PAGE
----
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Buddha ‘feeling good, 100 per cent’
Hi-tech with farmers’ care is CM’s mantra

Calcutta, May 13: A drive for technology with an eye on the social sector prevented an Andhra Pradesh happening in Bengal, Buddhadeb Bhattacharjee said today.

“Industrialists here are happy with the government’s economic policies. We are not against reforms but at the same time, my government does not like being dictated to by the World Bank or the IMF,” the chief minister said.

Chandrababu Naidu’s government was swept out of Andhra in the Assembly elections because of popular dissent over his neglect of the rural sector.

The Bengal chief minister said his government has managed to balance economic reforms, industry priorities and requirements of the international funding agencies.

Bhattacharjee said he was “feeling good 100 per cent” when asked to react to the Left Front’s faring. He was “relieved” that the BJP was “wiped out from the state”.

The chief minister, Jyoti Basu and Biman Bose are leaving for Delhi tomorrow to attend the CPM politburo and central committee meetings.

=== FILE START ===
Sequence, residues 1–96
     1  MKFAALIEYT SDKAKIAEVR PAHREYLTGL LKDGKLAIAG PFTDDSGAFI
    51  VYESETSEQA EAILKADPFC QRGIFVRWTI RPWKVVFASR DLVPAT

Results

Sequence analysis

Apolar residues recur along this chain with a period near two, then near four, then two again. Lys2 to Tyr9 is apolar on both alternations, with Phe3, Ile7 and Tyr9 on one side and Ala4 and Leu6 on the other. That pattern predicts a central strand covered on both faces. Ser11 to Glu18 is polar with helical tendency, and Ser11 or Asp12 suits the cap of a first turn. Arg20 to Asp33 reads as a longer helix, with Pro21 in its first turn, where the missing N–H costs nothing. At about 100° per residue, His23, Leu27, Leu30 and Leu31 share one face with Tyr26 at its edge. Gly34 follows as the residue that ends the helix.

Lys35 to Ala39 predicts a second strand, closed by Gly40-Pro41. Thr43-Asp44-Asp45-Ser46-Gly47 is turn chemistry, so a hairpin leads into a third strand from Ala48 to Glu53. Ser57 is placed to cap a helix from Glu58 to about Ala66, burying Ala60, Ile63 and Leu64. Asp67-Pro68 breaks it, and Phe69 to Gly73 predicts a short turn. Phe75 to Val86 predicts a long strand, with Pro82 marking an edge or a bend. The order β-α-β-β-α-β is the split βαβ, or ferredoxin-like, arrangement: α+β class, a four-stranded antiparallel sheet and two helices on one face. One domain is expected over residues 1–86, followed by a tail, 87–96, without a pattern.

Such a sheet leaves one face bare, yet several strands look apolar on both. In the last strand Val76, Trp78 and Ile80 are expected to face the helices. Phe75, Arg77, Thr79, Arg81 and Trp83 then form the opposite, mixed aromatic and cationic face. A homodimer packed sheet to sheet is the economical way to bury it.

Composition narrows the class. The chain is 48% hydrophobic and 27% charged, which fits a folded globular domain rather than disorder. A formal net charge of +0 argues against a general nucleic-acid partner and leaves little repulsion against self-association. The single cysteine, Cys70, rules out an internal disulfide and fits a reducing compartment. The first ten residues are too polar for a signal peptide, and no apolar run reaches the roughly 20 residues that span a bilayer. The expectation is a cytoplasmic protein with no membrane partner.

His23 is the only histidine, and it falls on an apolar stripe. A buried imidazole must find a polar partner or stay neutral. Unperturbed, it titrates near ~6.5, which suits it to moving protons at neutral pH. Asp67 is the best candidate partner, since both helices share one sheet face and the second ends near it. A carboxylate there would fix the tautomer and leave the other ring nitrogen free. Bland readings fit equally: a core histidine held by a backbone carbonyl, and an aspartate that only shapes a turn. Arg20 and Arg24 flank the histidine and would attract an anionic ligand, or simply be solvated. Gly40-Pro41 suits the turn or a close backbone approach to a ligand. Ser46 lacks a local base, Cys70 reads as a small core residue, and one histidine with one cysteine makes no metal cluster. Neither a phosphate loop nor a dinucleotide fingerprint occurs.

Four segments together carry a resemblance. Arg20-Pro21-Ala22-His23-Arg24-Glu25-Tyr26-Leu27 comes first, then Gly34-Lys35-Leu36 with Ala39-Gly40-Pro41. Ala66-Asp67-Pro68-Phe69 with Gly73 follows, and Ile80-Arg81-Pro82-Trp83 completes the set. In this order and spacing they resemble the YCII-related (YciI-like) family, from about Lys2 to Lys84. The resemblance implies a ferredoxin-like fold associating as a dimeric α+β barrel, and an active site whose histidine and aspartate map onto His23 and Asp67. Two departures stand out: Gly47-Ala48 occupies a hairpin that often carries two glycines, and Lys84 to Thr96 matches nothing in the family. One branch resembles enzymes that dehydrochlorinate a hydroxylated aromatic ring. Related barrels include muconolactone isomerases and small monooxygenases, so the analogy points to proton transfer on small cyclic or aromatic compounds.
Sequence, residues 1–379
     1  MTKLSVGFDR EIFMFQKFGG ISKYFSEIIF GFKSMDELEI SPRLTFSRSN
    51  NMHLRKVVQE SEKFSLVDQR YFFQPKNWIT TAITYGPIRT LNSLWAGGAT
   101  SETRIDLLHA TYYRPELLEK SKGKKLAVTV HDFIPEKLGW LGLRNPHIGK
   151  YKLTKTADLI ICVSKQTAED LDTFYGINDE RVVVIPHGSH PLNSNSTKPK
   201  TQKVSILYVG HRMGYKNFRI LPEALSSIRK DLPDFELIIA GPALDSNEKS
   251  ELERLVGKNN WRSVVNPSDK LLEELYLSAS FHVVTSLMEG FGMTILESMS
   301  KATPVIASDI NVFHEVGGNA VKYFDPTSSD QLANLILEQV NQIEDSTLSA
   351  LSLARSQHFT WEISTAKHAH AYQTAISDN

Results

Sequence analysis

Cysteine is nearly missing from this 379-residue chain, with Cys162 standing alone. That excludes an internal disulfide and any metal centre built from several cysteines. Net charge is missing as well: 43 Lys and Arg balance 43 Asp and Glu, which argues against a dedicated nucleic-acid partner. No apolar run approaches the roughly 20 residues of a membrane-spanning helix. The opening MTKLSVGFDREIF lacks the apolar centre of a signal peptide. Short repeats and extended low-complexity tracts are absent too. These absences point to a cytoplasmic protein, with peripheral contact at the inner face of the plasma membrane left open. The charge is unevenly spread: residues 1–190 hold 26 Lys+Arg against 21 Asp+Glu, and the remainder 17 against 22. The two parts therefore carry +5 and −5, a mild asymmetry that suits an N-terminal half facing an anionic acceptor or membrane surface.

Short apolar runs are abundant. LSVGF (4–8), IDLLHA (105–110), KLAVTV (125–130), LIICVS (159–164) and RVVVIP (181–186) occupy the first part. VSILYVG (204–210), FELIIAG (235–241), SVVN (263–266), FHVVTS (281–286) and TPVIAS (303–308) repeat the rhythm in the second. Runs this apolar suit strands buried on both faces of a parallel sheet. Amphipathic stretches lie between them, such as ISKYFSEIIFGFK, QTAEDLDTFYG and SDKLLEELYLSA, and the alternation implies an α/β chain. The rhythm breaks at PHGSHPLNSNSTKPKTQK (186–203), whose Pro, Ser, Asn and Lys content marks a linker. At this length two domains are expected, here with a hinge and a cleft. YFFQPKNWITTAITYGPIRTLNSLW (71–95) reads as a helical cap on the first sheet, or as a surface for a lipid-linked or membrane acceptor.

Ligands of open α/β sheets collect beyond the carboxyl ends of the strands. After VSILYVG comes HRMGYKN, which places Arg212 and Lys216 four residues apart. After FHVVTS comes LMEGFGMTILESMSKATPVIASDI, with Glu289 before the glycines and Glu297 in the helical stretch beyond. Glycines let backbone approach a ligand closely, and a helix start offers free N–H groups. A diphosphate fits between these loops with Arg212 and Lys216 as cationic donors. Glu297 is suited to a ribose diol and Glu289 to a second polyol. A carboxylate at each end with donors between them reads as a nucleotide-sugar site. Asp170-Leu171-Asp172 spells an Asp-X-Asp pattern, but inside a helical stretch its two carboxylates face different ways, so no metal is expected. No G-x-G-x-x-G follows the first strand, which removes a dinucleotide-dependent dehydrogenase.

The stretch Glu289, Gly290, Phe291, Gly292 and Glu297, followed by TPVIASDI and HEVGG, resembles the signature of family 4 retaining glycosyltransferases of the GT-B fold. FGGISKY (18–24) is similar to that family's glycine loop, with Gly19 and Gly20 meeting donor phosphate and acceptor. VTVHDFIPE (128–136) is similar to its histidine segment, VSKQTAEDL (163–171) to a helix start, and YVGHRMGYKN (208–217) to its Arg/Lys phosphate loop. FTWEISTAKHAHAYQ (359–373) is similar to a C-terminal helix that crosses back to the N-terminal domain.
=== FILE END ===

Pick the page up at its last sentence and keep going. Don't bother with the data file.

Basu was sure that a Congress-led government would take charge in Delhi but evaded a direct answer when asked whether the CPM would join a Sonia Gandhi-led government or extend support from outside. “Such issues will be discussed at length in the ensuing (party) meetings,” Basu said.

The Big Two did not mention the stunning setback to Mamata Banerjee’s Trinamul Congress in the state but Left Front chairman Bose did.

A party with “no principle, ideology or programme is bound to fizzle out”, he said.

“Trinamul branched out of the Congress but had no ideology. Now, it has started to disintegrate,” Bose told reporters even as he reminded them that he had said at the time of filing of nominations the front would aim at winning all 42 seats in Bengal.

“We thank the people of Bengal — voters who are secular and patriotic and especially the voters of Calcutta. Some had made it appear that the Left could not win a seat in the city,” Bose said.

The victory of CPM’s Anil Basu from Arambagh by 5.92 lakh votes — one of the largest margins nationally — is a pointer to the popular rejection of the Trinamul-BJP combine, the front chairman said. Anil had won the 1999 elections by 1,16,000 votes.

The Left parties will meet at the CPM’s Alimuddin Street office tomorrow to discuss the course of action.

The CPM also retained the Khandaghosh Assembly seat, which fell vacant when MLA Jyotsna Singh resigned. With several mouths to feed at home, the legislator was forced to take up a government job.

In the Assembly contest, Prasanta Majhi of the CPM left Trinamul’s Biswanath Roy 68,258 votes behind.

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